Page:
Illegal Smokes Burn a Hole in Georgia Budget

Published January 1, 2008

The Georgia state government could be losing $20 million a year in cigarette tax revenue, according to experts who testified before a Georgia Senate committee on cigarette tax evasion.

Officials with the federal Bureau of Alcohol, Tobacco, Firearms, and Explosives, the state Department of Revenue, and other government and private organizations testified before the Senate Study Committee on Cigarette Tax Evasion on October 4.

The committee is studying how to fight cigarette tax evasion. Suggestions range from hiring more Department of Revenue investigators to buying digital tax stamp technology.

Rising Tax Burdens

Rising cigarette tax burdens and differences in burdens among states are major factors in the smuggling, experts said.

“Although Georgia’s $.37 per pack tax is among the lowest in the country, every neighboring state has an even lower tax,” said Committee Chairman Sen. David Shafer (R-Duluth) in a posting on his blog the following day. “South Carolina’s tax, at seven cents per pack, is the lowest in the nation. A tractor trailer of cigarettes bought in South Carolina is worth $60,000 more when it crosses the Georgia line.”

China Connection

Philip Awe, chief of alcohol and tobacco enforcement for the Bureau of Alcohol, Tobacco, Firearms, and Explosives, said the number of federal criminal convictions for large-scale cigarette smuggling rose from 18 in fiscal year 2002 to 108 last fiscal year.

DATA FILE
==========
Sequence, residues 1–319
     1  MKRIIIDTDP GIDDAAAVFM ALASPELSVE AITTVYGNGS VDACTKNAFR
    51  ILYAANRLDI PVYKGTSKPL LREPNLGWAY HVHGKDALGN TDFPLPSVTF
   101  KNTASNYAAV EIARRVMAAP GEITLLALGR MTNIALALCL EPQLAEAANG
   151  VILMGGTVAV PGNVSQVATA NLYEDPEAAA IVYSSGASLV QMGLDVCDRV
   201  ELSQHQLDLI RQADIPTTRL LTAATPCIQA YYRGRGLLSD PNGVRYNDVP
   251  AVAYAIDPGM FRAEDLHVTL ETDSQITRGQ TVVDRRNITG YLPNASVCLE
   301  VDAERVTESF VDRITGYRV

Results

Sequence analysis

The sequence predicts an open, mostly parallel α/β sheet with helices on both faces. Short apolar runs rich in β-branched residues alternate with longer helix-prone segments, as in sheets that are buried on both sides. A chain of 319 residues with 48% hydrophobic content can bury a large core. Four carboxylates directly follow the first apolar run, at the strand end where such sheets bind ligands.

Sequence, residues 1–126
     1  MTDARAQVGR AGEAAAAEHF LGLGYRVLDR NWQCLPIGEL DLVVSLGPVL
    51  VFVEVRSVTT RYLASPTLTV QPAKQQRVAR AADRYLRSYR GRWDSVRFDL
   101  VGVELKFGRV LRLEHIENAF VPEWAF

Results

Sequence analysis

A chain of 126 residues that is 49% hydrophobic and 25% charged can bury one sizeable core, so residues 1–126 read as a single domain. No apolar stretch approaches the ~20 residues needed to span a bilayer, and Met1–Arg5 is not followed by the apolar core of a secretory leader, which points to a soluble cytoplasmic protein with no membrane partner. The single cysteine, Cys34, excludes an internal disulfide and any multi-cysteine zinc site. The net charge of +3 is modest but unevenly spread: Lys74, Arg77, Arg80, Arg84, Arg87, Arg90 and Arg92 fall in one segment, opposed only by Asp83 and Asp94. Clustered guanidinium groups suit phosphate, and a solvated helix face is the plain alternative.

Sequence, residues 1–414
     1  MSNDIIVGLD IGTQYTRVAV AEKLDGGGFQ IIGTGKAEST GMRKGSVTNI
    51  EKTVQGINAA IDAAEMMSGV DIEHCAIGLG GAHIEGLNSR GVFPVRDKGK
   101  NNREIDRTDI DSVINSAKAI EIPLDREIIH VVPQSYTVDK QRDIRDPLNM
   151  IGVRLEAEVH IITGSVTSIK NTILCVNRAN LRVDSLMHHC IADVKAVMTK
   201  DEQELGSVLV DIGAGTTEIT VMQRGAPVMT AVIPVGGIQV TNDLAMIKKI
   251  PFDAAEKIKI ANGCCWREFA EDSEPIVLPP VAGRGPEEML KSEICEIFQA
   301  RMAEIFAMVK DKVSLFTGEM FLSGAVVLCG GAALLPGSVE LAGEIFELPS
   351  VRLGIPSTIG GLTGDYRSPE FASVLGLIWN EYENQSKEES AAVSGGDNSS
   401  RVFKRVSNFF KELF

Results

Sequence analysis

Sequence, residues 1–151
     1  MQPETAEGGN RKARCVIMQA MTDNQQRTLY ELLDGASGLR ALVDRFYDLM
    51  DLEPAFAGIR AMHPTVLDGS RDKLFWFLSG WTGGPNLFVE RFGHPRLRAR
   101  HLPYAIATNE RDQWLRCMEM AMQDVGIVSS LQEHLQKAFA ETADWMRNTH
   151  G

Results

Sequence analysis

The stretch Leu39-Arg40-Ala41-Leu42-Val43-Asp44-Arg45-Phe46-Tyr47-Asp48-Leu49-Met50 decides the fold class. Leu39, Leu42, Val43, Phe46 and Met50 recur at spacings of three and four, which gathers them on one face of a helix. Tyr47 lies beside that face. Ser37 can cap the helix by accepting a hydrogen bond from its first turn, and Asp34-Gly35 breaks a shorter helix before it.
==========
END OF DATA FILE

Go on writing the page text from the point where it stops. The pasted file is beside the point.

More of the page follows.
Terrorist organizations are turning to cigarette smuggling to fund their operations, according to Awe, and the Chinese military is also involved. Awe said the Chinese military operates a dozen cigarette manufacturing plants and appears to be exporting counterfeit Marlboros and other high-end cigarettes with phony tax stamps.

He said California recently responded to the Chinese smuggling problem by making its tax stamps more difficult to counterfeit by adopting technology currently used with credit cards and bank notes.

Technology Cost Concerns

However, Bart Graham, Georgia’s Commissioner of Revenue, told committee members he does not want his department to have to pay for such technology.

Greg Martin, executive director of the Southern Association of Wholesale Distributors, a trade group of cigarette wholesalers, said the distributors likewise oppose being forced to pay for such technology.

Steve Stanek ([email protected]) is managing editor of Budget & Tax News and a research fellow at The Heartland Institute.